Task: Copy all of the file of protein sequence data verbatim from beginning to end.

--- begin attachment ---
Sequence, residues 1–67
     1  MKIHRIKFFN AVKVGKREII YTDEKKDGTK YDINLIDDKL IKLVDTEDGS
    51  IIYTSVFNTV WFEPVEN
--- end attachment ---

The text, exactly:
Sequence, residues 1–67
     1  MKIHRIKFFN AVKVGKREII YTDEKKDGTK YDINLIDDKL IKLVDTEDGS
    51  IIYTSVFNTV WFEPVEN